Our hobby of keeping saltwater fish for the sole purpose of pleasure is not very old. People have been keeping fish for thousands of years, but virtually all of those fish were used as food. Asian cultures have been culturing carp and koi for enjoyment for centuries, but those are freshwater fish.
Roots in Merry Old England
Saltwater fish keeping for fun actually began in England about 200 years ago. At that time, wealthy Ladies had servants but lacked Oprah and soap operas, so they were bored and needed to find a hobby.
England’s damp climate is conducive to fern growth, so the ladies would traipse through the bogs with their long hoop skirts and corsets on looking for ferns. They would then put the ferns in tanks that had glass fronts and wooden or slate sides. Then they’d sketch pictures of their ferns and mail them to their friends. The rest of their time was spent trying to wash the mud out of their crinolines.
This went on for some time until all the ferns were collected and cataloged (and they ran out of clean clothes). So, some of the more adventurous ladies started to walk around in the shallow waters of bays and inlets looking for interesting creatures. Remember, there were no bikinis then, so they did this in long dresses.
From ferns to aquatic critters
To keep the critters they collected alive, the women had to have their fern tanks waterproofed. They went to shipbuilders for that, as they were the only people who could waterproof things. Home Depot was accessible only by time machine, so they could not get silicone. Tar was the preferred material to seal a tank with. Tank bottoms were made of slate because homes did not have central heating then, so whale oil lamps were placed under the tank to keep the water warm.
Just as they did with ferns, the ladies sketched and traded information on the aquatic critters they collected. They even learned that if they kept some seaweeds in the water with the animals, the creatures would live longer. I doubt they knew about photosynthesis, but they sure knew how to clean mud out of clothes!
Along comes WWII
Move ahead to WWII. When the war was over, people came home and started families. All the resultant kids needed a hobby, and fish started to become available. At the time, they were sold in toy stores as toy fish.
I, myself, had some of those fish in the early ‘50s. They came in a cardboard container like Chinese food comes in. Fish food was sold in cardboard boxes and consisted of dried ants. Of course, I collected earthworms. Until I discovered girls. I still collected worms after that, but I did it at night or when there were no girls around.
Saltwater fish hit the US
Saltwater fish were available in Germany in the late ‘60s, but not in the US. We got them here in 1970 or ‘71. The largest store in Manhattan, Aquarium Stock Company, which was a few blocks from the World Trade Center, got in some blue devils, and I bought seven of them. The colors on these fish just stood out because no one had seen captive saltwater fish before, and they were just awesome.
There was no information about saltwater fish, and most of us still had tanks with slate bottoms and steel corners. The only salt available that I remember was “Lambert Kay’s Marine Magic.” I didn’t have enough money for the fish and the salt, so I went down to the sea near the East River that runs past Manhattan and collected some water. Gravel was just for freshwater tanks, so I used driveway gravel. Lighting was incandescent bulbs in an aluminum or chrome housing. Powerheads were an airstone connected to a piston pump. The pump had a leather piston that had to be oiled, so oil got into the water. A few years later, true powerheads came out, but they were metal and were meant to be placed on top of UG filter tubes above the water.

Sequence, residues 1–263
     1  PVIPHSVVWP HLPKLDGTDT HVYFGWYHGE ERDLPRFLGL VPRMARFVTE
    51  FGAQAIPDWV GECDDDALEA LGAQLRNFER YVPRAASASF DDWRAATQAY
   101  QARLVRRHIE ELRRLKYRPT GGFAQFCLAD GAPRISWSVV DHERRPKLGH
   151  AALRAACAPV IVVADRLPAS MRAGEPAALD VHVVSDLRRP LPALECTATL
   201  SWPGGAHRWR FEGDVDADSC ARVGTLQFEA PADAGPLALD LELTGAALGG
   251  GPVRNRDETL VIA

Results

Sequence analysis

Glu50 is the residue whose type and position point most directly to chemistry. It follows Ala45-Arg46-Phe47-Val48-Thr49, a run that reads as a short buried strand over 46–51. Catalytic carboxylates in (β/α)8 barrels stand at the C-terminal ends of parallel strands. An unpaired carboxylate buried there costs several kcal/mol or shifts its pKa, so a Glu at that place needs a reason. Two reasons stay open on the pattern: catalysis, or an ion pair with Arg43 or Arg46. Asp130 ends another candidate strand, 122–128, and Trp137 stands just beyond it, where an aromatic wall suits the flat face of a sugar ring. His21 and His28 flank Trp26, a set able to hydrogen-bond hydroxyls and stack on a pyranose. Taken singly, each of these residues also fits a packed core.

There were no GFCI’s then, so we normally got shocked at least once a week. There were no sissies then, either, and the shocks kept us awake. You had to turn the light on with a stick because the salt creep from the airstones caused the metal light housing to become electrified. (And today people worry about a couple of volts of induced electricity!) Our “test kit” consisted of a metal thermometer. All filters were left over from the freshwater hobby and were HOB units with aluminum pumps. Inside the filters, we put that fiberglass filter floss, which later became nylon.
All fish had ich. I used to think that all saltwater fish just came with spots. We didn’t call it ich then. It was oodinium, then ich, then coral fish disease, then back to oodinium. Now I am not sure what it is called. The only medications available were either fluorescent-green stuff or fluorescent-blue stuff. Neither stuff actually cured anything, but it made the tank glow really cool colors. Sometimes I used to mix them to see if I could make a rainbow.
A penny for your thoughts
For the ich, we had to keep copper pennies in the tank, as liquid copper was not available. It was easy to tell if you had enough pennies in the tank: If the fish were living, you had enough pennies in the tank. If they were lying on the bottom gasping, you had to remove some pennies, maybe 13 cents or so—which was good because gas cost about 40 cents a gallon and I could get a quarter of a gallon of gas with the money I took out of my tank.
Anyway, that is how it began. Eventually more fish became available and inverts, such as arrow crabs and banded coral shrimp, became common. Then someone, maybe Al Gore, invented the internet and all the problems started.
One more thing: There were no corals available, but sometime in the ‘80s, I think, Germany banned the importation of angelfish to that country. Angelfish were a staple in a salt tank, so the hobbyists wanted something to fill the gap. Corals were the answer. And that is how coral keeping began.